Larry Kershner/Farm News news editor, July, 2010
When David Laird, standing in a corn test plot, said Tuesday evening that biochar not only repaired damaged soils for crop production, but was also a key component in long term crop sustainability in fertile soils, a murmur rolled through the listeners.
He pressed on.
"The idea of the biochar is to maintain soil quality, while maintaining yield."
He said biochar is applicable for redemption of sandy, depleted, eroded or damaged soils. He said there is also application for urban areas where bulldozers have compacted the topsoil.
"We anticipated seeing benefits (of biochar) in depleted soils," Laird said, "But we're seeing that in better quality soils, biochar becomes a component in maintaining a sustainable system."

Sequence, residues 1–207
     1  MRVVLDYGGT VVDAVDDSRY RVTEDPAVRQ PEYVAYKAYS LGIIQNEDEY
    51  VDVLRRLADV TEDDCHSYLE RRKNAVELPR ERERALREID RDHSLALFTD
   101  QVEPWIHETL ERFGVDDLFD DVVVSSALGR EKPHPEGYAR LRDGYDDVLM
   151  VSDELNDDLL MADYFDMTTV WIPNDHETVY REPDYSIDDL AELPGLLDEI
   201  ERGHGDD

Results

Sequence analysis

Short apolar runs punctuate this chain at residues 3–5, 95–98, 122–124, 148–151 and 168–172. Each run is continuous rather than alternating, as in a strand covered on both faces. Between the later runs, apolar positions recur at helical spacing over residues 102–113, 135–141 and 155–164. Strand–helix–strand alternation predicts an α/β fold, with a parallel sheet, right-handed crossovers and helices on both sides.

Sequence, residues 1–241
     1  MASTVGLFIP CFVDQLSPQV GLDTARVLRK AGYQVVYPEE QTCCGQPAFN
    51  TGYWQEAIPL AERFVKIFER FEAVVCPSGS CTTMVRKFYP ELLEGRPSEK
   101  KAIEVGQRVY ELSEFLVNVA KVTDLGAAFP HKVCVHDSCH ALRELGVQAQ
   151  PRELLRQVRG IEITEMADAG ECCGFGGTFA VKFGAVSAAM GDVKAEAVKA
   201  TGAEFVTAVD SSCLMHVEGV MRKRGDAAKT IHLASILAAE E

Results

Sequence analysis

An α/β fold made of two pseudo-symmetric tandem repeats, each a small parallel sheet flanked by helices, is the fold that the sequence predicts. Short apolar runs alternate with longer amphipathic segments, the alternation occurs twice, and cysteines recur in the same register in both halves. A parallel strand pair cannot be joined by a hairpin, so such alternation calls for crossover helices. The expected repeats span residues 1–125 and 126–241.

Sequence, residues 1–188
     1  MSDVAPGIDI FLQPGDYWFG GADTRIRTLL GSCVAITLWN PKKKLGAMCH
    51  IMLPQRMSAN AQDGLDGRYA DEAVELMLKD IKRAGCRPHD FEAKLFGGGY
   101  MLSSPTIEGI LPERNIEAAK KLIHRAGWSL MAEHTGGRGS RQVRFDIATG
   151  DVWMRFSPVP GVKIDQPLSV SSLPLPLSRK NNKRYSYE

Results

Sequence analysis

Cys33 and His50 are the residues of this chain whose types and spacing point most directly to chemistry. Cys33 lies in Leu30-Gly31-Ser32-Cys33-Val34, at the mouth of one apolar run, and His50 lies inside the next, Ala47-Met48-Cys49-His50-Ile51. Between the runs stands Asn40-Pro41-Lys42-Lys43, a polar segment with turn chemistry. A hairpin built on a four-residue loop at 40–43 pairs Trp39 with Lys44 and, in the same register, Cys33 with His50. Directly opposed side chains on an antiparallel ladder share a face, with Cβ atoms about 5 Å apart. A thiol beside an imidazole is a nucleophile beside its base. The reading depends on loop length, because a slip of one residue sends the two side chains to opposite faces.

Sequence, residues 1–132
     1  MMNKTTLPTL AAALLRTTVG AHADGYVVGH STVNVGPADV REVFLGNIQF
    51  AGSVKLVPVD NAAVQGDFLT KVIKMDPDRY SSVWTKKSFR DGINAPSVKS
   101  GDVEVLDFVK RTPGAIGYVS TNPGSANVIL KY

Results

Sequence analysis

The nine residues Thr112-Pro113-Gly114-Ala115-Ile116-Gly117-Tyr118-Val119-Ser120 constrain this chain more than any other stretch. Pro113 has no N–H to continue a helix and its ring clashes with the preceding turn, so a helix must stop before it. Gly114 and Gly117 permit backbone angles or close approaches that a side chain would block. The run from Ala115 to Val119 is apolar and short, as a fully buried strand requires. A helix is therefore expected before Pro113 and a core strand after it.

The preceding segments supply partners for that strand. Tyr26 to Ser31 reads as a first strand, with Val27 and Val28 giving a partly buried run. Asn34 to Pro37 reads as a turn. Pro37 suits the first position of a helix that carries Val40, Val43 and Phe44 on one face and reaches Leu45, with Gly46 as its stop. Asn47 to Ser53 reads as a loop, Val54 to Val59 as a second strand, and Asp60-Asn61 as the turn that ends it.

To be used, biochar should be incorporated into the soil of a garden or farm field. It should be mixed in gently so as to prevent killing worms. Biochar could make-up five percent to 10 percent of the soil when the job is done, but it should not all be mixed in at once. Two or three years of adding smaller amounts seem to work better.
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